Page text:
Even with half a year chalked on the PH Fleet chalk board, the Up GTI is a source of constant discussion in the office. In one corner we merrily talk up the virtues of its size, usability and off-the-scale about-town liveliness, while in the other corner Matt Bird bellyaches about how no-one has noticed that the quickest Up is in fact neither one thing nor the other, and is therefore about as deserving of its hallowed badge as a Nissan Primera.
Naturally we all roll our eyes and throw up our hands and apologise on Volkswagen's behalf for its failure to build his nibbs a downscaled Golf R for the monthly cost of a mobile phone SIM card. But, as ever, the histrionics and tribunal-level name calling mask the lingering concern that Matthew might have himself the kernel of a valid point. The Up GTI is very likeable indeed and easier to live with than cotton underwear. But a bonafide successor to something like a Peugeot 106 Rallye S1? Not so much.
The counter argument, of course, is that it was never meant to be. On the universal scale of hatchback hotness, Volkswagen rarely aims for magma - it wants to be swift and sophisticated and sure. Where others might see compromise, Wolfsburg sees a middle way. And if you want to see how far it has come, you need a more appropriate benchmark. Something middlebrow, something a bit everyman... something like the Mk2 Seat Ibiza Cupra Sport GTI, for example.
Now, if we're honest, the red devil pictured was not originally sent to us to play foil to the Up, but the comparison is all but irresistible - not least because the three-door supermini of yesteryear is hardly any larger than what the industry now calls a city car. (Certainly its modest advantage in length is not to the particular benefit of its occupants, given that most of it is contained in what now seems like a colossal front overhang.)
Of course you need a bit of room when you've got, oh, about 400 different flavours of four-cylinder engine to accommodate. Lest we forget, the second generation Ibiza was the first car Seat produced with Volkswagen calling the shots, and while it maybe Giorgetto Giugiaro on top, it is very much the stock A03 platform underneath - the same front-drive architecture that underpinned the famously tepid Mk3 Polo.
That didn't prevent it from being casually lobbed a GTI badge though. After all, the parent company wanted to see some return on its investment in 'Latin flair' and chucked in the larger petrol engines for good measure. The pre-facelift model you really want is the 150hp 2.0-litre petrol engine boasting 16 (count 'em) valves and 130lb ft of torque. The brand's heritage car though is the 8v version with 115hp - and while that's undeniably not quite as good, it does make it an even match for the output whistling from the Up's half-as-big three-pot.
Or it does on paper, at least. On the road, it's a walkover. The newer car is quicker than even its half second advantage in 0-62mph time suggests. No prizes for guessing its secret - the Ibiza's longer gearing and 26lb ft deficit in peak twist tells its own story - yet it hardly describes the difference in delivery. True, the Cupra's naturally-aspirated motor was never the liveliest 2.0-litre unit in the world, but its flywheel seems all the more leaden when measured against theresponsive 1.0-litre TSI.
And it's not all about accessibility either - you'd expect that from a modern turbocharged engine - it's the way the Up manages to makes its coiled-spring reaction to the accelerator pedal seem like fun that takes the biscuit. Partly it's about the warble, of course, and a general lack of mass, but it's also about the zappy, gap-finding pleasure of making progress instantly. The Ibiza needs winding up like a grandfather clock if you want the best from it. The Up is solid-state.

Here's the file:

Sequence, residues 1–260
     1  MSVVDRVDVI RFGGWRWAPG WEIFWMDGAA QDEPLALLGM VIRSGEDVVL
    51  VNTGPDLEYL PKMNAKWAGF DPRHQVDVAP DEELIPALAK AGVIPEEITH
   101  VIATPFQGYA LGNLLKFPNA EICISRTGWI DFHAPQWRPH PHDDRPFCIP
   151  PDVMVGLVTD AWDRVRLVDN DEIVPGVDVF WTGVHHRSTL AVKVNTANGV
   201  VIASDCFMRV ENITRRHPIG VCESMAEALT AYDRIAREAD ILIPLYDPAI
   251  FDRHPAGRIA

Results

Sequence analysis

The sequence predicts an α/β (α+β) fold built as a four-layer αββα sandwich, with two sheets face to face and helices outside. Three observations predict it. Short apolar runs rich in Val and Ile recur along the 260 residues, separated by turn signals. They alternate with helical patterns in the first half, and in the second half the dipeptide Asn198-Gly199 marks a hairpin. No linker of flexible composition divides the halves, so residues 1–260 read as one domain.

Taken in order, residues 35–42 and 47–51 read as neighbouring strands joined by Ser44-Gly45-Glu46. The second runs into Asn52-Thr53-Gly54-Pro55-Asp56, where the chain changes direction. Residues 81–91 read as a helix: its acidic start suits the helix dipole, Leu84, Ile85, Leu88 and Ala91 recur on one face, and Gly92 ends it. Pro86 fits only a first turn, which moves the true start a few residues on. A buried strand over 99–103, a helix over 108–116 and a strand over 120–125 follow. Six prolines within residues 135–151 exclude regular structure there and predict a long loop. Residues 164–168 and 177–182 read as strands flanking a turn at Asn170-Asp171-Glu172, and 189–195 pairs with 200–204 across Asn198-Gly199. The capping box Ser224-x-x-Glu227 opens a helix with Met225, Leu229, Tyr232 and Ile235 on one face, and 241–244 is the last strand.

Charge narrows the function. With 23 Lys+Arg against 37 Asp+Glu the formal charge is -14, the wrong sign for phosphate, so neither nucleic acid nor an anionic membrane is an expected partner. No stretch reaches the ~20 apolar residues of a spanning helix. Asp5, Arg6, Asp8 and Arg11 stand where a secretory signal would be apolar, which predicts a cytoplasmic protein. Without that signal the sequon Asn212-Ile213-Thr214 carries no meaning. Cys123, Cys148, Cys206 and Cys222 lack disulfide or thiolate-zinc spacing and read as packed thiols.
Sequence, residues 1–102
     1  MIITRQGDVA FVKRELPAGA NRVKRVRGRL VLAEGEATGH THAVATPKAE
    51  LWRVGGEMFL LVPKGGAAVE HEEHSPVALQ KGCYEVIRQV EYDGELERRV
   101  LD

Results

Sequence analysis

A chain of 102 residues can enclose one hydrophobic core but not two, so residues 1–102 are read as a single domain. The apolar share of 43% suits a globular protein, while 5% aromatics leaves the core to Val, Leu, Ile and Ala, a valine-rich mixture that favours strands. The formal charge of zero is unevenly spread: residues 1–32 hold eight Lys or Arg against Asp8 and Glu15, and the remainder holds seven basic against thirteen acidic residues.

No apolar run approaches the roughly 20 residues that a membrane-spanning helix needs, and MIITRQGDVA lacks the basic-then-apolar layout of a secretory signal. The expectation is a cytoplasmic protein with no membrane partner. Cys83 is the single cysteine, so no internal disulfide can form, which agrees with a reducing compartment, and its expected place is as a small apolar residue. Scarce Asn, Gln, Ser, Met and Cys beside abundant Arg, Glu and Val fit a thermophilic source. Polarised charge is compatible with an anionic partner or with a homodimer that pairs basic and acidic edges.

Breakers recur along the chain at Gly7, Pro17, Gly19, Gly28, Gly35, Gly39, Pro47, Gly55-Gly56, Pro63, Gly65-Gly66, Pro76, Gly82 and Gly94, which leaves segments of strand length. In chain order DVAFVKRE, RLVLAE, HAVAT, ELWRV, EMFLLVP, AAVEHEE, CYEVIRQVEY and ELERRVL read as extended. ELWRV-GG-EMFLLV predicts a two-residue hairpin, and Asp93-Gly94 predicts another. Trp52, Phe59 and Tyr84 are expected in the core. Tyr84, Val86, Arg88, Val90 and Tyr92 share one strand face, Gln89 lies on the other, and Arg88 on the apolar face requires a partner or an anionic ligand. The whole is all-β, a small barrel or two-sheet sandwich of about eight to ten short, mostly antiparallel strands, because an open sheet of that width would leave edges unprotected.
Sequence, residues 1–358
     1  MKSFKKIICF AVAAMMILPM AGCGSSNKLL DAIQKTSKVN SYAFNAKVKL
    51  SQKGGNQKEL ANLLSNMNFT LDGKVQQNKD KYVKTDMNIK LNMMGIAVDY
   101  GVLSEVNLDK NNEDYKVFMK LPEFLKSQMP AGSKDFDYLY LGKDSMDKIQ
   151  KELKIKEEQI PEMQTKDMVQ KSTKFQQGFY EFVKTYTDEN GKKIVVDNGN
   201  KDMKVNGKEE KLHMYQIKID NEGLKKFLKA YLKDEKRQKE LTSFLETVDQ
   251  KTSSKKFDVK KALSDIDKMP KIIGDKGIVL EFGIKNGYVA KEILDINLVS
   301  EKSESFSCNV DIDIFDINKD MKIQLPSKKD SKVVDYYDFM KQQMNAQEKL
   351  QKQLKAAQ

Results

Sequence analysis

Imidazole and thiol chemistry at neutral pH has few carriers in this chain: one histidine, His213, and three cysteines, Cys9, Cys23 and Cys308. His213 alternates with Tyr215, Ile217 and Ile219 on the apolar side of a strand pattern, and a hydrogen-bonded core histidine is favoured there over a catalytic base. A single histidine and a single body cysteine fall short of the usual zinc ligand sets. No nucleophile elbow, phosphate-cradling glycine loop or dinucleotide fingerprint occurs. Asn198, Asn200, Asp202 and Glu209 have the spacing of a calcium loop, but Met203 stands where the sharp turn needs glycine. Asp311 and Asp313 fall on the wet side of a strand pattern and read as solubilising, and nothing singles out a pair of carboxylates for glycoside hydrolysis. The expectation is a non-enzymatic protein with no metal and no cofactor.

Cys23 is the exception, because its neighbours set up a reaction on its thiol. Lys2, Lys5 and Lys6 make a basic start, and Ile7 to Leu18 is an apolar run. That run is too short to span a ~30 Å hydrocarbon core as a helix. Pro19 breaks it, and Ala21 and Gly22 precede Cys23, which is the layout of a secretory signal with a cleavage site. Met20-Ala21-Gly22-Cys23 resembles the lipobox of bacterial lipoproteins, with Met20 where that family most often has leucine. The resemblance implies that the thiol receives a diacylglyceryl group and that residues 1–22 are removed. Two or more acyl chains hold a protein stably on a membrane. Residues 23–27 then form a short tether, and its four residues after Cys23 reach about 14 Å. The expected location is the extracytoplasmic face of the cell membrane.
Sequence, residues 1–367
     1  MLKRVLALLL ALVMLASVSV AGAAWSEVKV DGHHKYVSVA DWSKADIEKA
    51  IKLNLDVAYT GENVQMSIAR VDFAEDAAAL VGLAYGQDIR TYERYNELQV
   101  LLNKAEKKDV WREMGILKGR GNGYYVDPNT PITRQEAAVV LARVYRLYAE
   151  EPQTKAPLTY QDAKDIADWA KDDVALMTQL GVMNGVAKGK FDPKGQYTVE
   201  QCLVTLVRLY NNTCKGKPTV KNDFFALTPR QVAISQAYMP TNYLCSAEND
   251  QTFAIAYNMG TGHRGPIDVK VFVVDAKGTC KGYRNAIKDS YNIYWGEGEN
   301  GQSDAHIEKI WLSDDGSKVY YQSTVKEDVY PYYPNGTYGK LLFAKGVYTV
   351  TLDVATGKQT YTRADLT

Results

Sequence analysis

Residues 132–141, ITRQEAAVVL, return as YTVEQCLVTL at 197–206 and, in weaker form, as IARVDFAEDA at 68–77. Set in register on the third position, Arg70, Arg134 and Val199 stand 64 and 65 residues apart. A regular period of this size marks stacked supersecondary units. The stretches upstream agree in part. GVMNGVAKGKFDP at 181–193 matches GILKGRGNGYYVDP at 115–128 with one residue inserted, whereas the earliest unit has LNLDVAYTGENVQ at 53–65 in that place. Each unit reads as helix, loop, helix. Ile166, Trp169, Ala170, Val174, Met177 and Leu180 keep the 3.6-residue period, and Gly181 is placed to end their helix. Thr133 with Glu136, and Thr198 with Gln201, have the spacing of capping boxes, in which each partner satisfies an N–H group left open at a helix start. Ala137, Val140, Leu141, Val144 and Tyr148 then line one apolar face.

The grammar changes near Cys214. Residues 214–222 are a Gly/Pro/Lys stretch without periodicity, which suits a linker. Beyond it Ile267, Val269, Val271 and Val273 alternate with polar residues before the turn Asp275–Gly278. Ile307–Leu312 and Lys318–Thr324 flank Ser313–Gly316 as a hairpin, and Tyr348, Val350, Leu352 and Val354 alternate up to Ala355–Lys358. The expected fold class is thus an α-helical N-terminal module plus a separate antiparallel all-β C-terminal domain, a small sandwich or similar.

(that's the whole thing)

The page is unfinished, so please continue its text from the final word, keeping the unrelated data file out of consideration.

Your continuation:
It's a similar story on the handling front. The front-heavy Cupra wasn't built to be on a knife-edge either, yet its softness feels every bit twenty years-old with a 21st century equivalent in the foreground. The Up might be made to wilt in the face of something less compromising, but its change of direction is a model of composure in comparison.
The lesson? Time marches on. Obvious perhaps in the wider world, but occasionally forgotten when it comes to cars and the not so distant past, where we've started assuming everything was as glorious as an E39 M5. Had we plucked a mint condition 106 or second generation Suzuki Swift Sport from the historical pile, it might have been a different story - but compared to the Ibiza, a nineties hot hatch with the same onus on ease-of-use and genial speed, the Up feels like a quantum leap forward.
Does that make it anymore deserving of the GTI badge than the Cupra? Well, there we return to the sticky wicket. Matt would argue that a better standard of middle way is still too far from the genuinely exciting end of the hot hatch scale, and that simply being the best and quickest Up does not automatically confer classic status. That's hard to dispute. It is not a GTI which insists on the long way home or stolen Sunday afternoons. But for the road most travelled, for easing the everyday grind and mildly spicing a commute - while barely troubling a bank account or width restriction - its appeal could hardly be broader. Or warmer.
Car: Volkswagen Up GTI
On fleet since: August 2018
Run by: Dafydd Wood
List price new: £14,055 (As tested £16,005 comprising Deep Black paint (£520), Vodafone Protect and Connect 6 (£485), City Emergency Braking Pack (£380), Cruise and Park Pack (£300), Climate Control (£265)
Last month at a glance: What's in a name?